Record Label Young Turks Has Changed Its Name in Recognition of the Armenian Genocide

“We were unaware of the deeper history of the term,” the founder states

British record label Young Turks has changed its name after acknowledging the term’s connections to the genocide of Armenians and Assyrians carried out in the early 20th century. Many of the real life “Young Turks” worked with the Committee of Union and Progress as it gained power in the Ottoman Empire and carried out policies including genocide and expulsion.

Label founder Caius Pawson says that he did not intend that meaning or connection when he adopted the name. The label was named after a club night he had launched as a teenager, which was itself named after the Rod Stewart song from 1981.

“It seemed to perfectly sum up what we were: teenagers, wanting and waiting to do something, anything. However, we were unaware of the deeper history of the term,” Pawson told The Guardian.“Through ongoing conversations and messages that have developed our own knowledge around the subject, it’s become apparent that the name is a source of hurt and confusion for people.”

Going forward, the label, which has released music by FKA twigs, the xx, Kamasi Washington, Sampha, and others, will be known simply as Young. Along with the announcement of the new name, the company made a financial donation to the Armenian Institute honoring victims of the genocide.

Not everyone who uses the term “Young Turks” has been as receptive to calls to abandon the name. Armenian community organizers have called on L.A.-based webcast network the Young Turks to rebrand for several years.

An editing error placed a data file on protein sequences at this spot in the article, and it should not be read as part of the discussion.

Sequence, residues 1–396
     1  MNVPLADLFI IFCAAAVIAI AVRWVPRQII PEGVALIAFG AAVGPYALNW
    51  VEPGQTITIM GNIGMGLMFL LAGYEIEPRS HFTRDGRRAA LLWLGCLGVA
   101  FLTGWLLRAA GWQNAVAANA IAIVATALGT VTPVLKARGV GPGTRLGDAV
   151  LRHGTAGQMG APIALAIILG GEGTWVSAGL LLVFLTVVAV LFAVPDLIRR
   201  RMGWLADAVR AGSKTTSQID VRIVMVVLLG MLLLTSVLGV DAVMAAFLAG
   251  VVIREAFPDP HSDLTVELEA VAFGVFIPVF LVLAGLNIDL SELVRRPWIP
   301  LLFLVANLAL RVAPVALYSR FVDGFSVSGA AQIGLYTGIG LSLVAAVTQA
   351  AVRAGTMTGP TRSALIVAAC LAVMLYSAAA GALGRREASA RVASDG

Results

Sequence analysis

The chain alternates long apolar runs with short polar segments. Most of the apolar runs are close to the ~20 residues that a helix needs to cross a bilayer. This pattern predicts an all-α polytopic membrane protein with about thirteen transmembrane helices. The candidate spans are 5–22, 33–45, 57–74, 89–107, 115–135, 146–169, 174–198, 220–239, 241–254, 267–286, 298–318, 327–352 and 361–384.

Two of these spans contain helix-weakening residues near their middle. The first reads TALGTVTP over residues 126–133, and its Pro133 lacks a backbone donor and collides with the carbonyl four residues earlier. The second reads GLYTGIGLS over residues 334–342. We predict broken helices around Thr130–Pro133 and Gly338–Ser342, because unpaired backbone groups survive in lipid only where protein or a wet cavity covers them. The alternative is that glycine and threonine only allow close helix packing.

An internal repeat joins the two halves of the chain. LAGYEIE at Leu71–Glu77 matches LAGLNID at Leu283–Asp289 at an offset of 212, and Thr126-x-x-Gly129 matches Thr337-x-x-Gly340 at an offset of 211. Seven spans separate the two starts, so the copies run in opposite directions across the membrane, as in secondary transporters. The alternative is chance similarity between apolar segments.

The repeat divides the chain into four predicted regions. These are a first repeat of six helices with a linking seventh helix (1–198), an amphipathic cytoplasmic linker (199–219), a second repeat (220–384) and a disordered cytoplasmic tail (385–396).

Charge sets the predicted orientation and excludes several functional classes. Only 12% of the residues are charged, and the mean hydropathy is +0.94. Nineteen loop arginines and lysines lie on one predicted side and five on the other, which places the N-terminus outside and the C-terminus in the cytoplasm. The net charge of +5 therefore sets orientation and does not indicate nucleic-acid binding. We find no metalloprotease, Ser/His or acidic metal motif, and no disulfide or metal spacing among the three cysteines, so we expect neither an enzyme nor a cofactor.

Razmig Sarkissian, an activist and the grandson of an Armenian genocide survivor, recently told Vice that he thinks of his grandfather’s narrow escape when he hears about TYT.

“It is exactly that traumatic history that is evoked in our minds every time we see [the show’s] name,” he said. “For a show to signal so many progressive values yet fail to apply those very principles to themselves, to me, is unconscionable.”

The network’s website states that “the selection of the name does not refer to any specific, historical incarnation of the Young Turks,” and rather intends the term in a sense that “reflects the definition provided in American Heritage Dictionary.”

The most current entry in that dictionary, the Fifth Edition published in 2020, lists “A member of a Turkish reformist and nationalist political party active in the early 1900s” as the first definition of the term.

RELATED: Why L.A.’s Armenian Community Wants You to Pay Attention to the Situation in Nagorno-Karabakh

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